Conclusions: Although overall survival rate is the gold standard in cancer therapy, it is not the most often used outcome. Intermediate outcomes, such as disease-free survival or biomarkers are often good predictors, and require smaller samples and less follow-up time. Nevertheless, their predictive capacity for overall survival rate (or, in some cases, quality of life) should also be assessed. The use of the overall survival rate as the routine primary outcome is only justiﬁed in the most aggressive forms of cancer.
In the second phase of EAP, there was no requi- rement for a liver biopsy to enroll patients. The de- cision was left to the usual clinical practice of the participating physician. Any biopsies performed onpatients enrolled in the EAP were read by the presi- ding local pathologist at each study site. For those who underwent liver biopsy, grading of inflamma- tion and staging of fibrosis were analyzed accor- ding to the METAVIR scoring system. Only the most recent biopsy result was recorded on the case report form. For patients who were treated without a liver biopsy, the reason for not perfor- ming a liver biopsy was not collected on the case report forms.
As described earlier, BRAF V600E mutation is the genetic key in HCL. Therefore, it is a therapeutic target which has been studied in recent years. Vemurafenib is a BRAF V600E oral inhibitor. Tiacci et al. conducted a studyto measure Vemurafenib activity and safety inpatientswith HLC who relapsed after treatmentwith purine analogues or who were refractory to the administration of purine analogues. Global response rate was 96% and complete response rate was 35%, with a relapse-free survival mean of 19 months. The adverse effects were rash, arthralgia and arthritis. 63
Material and methods: 70 patients were prospectively evaluated. They were classified into: SH Group: 41 patients (normal T4, TSH> 4.2 and <10 mIU/L), TAI Group: 10 euthyroid patients (TSH <4.2 mUI/L) with positive aTPO and/or aTg and Control Group: 19 euthyroid patients without TAI. Other cardiovascular risk factors were excluded inpatients and controls. Plasma ET1, hsCRP and TRAP were measured basally, and ET1 and hsCRP under LT4 therapy in the HS Group.
In summary, this study suggests that patientswith se- vere fibrosis are more likely to have TD and to require treatment for TD during therapy with Peg IFN than those with mild fibrosis. We postulate that risk for TD may be associated to immune processes allied to the progression of fibrosis inpatientswith HCV. In our opinion, this study is of clinical interest and the first tostudy TD among different stages of fibrosis in HCV. Patientswith more advanced chronic hepatitis C require closer follow up to diagnose and manage TD, including a high level of suspicion for thyroid carcinoma. This is particularly im- portant in sub populations with more rapid liver disease progression as Latinos, HCV/HIV co-infected patients and HCV patientswith concomitant alcohol use.
Patient 5: A 52-year-old female, with a background of hypothyroidism, presented with abdominal distention and a pelvic tumour in a CT scan. She was diagnosed with a stage IIIC infiltrating endometrioid ovarian adenocarcinoma. She received surgery and standard chemo- therapy with a total of three lines of treatments. After progression, she started MCT Cy (50 mg p.o.d) with a minimal hematological toxicity. MCT began in September 2014 with no interruptions and, at present, the patient continues the treatment. The patient’s condition remained stable with good QOL (ECOG 1). The patient is still alive (June 2016) with 21 months of PFS at the moment of manuscript writing. Patient 6: A 54-year-old woman was diagnosed with a stage IIIC papillary ovarian adenocarcinoma. Pre-operative CA125: 1648 U/ml; she underwent optimal cytoreductive surgery and received adjuvant chemotherapy. She received two lines of chemotherapy, a new surgery of the peritoneal masses and hormonal treatment before MCT. She was treated with MCT (Cy 50 mg p.o.d) with good tolerance and stable disease for 12 months. She received MCT from December 2013 to December 2014. After that period, the tumour progressed and she began a scheme with targeted therapy (bevacizumab) plus chemotherapy with partial response, severe toxicity and rapid progression. The patient is still alive and is under liposomal doxorubicin (LSD) chemotherapy at the moment of manuscript writing.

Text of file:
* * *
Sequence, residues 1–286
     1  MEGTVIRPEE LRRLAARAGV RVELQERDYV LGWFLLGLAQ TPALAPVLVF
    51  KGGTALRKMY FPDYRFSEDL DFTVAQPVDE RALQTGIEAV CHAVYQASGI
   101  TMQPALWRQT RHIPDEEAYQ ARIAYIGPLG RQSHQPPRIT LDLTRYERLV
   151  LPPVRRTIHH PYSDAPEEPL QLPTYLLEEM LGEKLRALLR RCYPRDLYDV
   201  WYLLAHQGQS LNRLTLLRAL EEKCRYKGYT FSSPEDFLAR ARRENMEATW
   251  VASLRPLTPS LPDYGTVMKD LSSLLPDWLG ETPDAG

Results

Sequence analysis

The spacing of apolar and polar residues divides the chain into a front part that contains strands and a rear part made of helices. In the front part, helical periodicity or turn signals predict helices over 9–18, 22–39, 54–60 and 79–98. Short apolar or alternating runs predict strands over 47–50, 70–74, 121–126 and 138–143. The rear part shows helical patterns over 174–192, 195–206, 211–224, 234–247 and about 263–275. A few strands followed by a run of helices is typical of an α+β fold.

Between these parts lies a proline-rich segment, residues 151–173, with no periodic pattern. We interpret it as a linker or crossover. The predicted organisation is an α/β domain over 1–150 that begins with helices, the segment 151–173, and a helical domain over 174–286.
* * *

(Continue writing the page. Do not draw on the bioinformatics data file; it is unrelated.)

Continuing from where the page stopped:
trica en Europa (12, 15), ha madurado la tecnología actual indicada para la terapia de cardioresincronización y cardiodesfib- rilación en el manejo avanzado de la IC. Estas terapias están avaladas por ensayos clínicos con más de 7000 pacientes re- clutados y seguidos hasta por 37 meses (16), y son parte de las guías de manejo basadas en la evidencia a nivel mun- dial (17). La terapia de resincronización cardíaca con cardiodesfibrilador ha dem- ostrado un beneficio significativo en la reducción de la mortalidad: 18 al 23% por IC, 43% en la mortalidad global, 18% en hospitalización por empeoramiento de falla subyacente y otros beneficios como la mejoría en la capacidad funcional, caminata de 6 minutos, difusión de CO 2 , parámetros hemodinámicos y de mecáni- ca cardíaca contemplados como benefi- cios adjuntos a estas terapias (18). A escala global, el impacto de estas in- tervenciones se ha estimado entre los 48.000 y 112.000 euros por año con rel- ación al costo del dispositivo, su implan- te y monitoreo temprano; sin considerar otros gastos directos e indirectos que se derivan (19).